British Columbia·Audio

Matchmakers, profile pictures and philosophy: How the pandemic impacted dating in Vancouver

It's been a tough couple of years for people looking to make new connections. CBC's Summertime Crush series looks at how things have changed, and how people are returning to the dating scene.

Dating is a part of most people's lives at some point — whether they like it or not

A group of people dining at a restaurant.
CBC's series Summertime Crush looks at how the return to dating is going in Vancouver and how the pandemic affected people's ability to make meaningful connections. (Shutterstock/Monkey Business)

After nearly two years of pandemic restrictions requiring people to stay apart and making it difficult to form relationships, many are re-entering the dating scene.

In some cases, solitude encouraged people to make finding a partner a priority; in others, it's just part of the return to normal life.

"The first connection is a whole thing where you have to initially assess somebody for the potential to form a bond or connection," said author and philosophy professor Carrie Jenkins.

"We end up making these decisions really very quickly."

But has dating changed since the spring of 2020? Can it go back to the way it was pre-COVID? And what makes it so difficult to form connections in a city like Vancouver? 

The CBC's Jeremy Ratt explores the Vancouver dating scene in his radio series Summertime Crush.

Many people are returning to dating this summer as pandemic restrictions have lifted. (Rawpixel/Shutterstock)

How has dating changed?

COVID-19 restrictions over the past two years made it nearly impossible to meet up with prospective partners, and some people fell into the comfort of being alone. So, how are people getting back into meeting new people?

How has Vancouver dating changed over the last two years? That's the first question we'll hear more about in the first installment of our new series "Summertime Crush."
As part of Summertime Crush - our new series about Vancouver dating - Jeremy Ratt took to the streets of Vancouver to ask residents what things are like with love right now.

Making meaningful connections

Carrie Jenkins, a philosophy professor and author of Sad Love: Romance and the Search For Meaning, explains how to make new, meaningful connections and how to make old connections feel new and exciting again.

What does it mean to make a meaningful connection? Our latest entry in our "Summertime Crush" series takes us into the world of relationships and connecting with new people. Joining us is UBC philosophy professor and author Carrie Jenkins.


It's not uncommon to hear from Vancouver singles that the dating scene is tough. A panel of matchmakers breaks down the challenges of dating in the city and how they help clients find "the one."

In the latest entry to our dating series Summertime Crush, CBC story producer Jeremy Ratt takes us to Granville Island to chat with photographer Justin Veenema — founder of Photos For Tinder, which aims to help professional clients get the best photos for their dating profiles.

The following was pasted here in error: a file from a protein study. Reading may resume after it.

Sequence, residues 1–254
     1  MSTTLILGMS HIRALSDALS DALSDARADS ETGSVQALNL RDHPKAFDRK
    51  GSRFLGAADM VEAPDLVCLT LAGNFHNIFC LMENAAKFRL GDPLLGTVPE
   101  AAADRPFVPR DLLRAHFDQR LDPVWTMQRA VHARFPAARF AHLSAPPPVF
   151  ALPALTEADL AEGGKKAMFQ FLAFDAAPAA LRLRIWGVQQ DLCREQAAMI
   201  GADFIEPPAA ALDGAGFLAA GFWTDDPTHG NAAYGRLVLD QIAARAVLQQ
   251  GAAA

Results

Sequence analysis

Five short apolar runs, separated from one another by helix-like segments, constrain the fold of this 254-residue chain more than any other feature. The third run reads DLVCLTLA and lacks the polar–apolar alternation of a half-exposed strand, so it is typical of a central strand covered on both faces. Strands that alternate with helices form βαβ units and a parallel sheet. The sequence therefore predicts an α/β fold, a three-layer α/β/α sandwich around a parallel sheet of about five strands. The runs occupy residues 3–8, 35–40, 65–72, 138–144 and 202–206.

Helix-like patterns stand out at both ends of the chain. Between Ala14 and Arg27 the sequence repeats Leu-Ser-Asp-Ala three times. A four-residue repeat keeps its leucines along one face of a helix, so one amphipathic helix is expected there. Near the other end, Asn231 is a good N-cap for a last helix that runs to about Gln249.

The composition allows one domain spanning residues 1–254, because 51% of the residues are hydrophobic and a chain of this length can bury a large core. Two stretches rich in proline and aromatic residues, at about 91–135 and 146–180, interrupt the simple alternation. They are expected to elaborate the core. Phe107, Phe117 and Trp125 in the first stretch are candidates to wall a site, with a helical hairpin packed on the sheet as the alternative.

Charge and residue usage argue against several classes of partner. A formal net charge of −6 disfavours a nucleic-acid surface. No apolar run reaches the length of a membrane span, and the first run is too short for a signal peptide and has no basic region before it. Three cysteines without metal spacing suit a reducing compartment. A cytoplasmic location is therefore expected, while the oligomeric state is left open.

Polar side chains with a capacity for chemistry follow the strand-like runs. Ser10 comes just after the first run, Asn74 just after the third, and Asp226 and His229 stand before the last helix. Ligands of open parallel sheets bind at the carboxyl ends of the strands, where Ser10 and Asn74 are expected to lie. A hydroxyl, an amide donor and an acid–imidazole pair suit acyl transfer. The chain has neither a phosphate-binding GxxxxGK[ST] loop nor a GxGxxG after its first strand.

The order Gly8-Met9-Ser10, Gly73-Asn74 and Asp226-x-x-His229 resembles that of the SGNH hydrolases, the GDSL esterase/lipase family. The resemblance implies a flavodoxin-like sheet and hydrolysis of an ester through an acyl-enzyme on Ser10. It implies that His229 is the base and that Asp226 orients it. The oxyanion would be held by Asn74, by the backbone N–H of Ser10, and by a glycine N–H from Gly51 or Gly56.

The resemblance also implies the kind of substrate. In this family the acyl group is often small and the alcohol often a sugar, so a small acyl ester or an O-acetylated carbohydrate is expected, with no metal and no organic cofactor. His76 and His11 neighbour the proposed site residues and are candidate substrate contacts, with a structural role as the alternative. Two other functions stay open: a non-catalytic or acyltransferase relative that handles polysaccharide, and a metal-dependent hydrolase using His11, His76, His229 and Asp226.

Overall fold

Online dating profile photos

Profile photos are the first thing people see on dating apps, and in some cases, they can make or break a possible connection. Photographer Justin Veenema takes photos specifically for dating apps.

The latest entry in our "Summertime Crush" dating series takes us into a panel with Vancouver matchmakers Jane Carstens and Susan Semeniw.
Online dating is the most popular way to meet people, and having a good profile picture can make or break it when it comes to potential partners. (Credit: iStock/Getty Images)

Date Did What?

Vancouver writer Jill Sinclair says people are not "emotionally available," and they are this way because they're afraid of being hurt.

Sinclair chronicled her wild dating experience post-divorce in Vancouver in her 2016 book Date Did What?

What happens when you go on 40+ dates with the quote en quote "Johns" of Vancouver? You write a book about it, of course. We'll chat with a published author and speaker about her dating story in our next installment of our "Summertime Crush" series.
In the next half hour of the show, Jeremy Ratt is going to bring us an interview with author and TedX speaker Jill Sinclair. Jill wrote the book "Date Did What?" which chronicles some of her own interesting and funny Vancouver dating experiences. Here's one of her stories.
Dating can be a rollercoaster, especially post-pandemic. (Allison Cake/CBC)

Listeners chime in

On The Coast listeners share their dating stories. 

We've been asking for your dating stories as part of our new series Summertime Crush, and you have certainly delivered. Have a listen to some of the stories we've received so far.
We've been asking for your dating stories as part of our new series Summertime Crush, and you haven't disappointed. Yesterday we aired just a couple stories, and now, we have a few more stories and responses to share with you.


Jeremy Ratt

Associate Producer

Jeremy Ratt is an associate producer with CBC Vancouver and the host of CBC's podcast Pieces. Follow Jeremy as he embarks on a journey of self-discovery on Pieces, now available on CBC Listen, Apple Podcasts, Google Podcasts and Spotify. Twitter: @Jeremy_Ratt

With files from On The Coast


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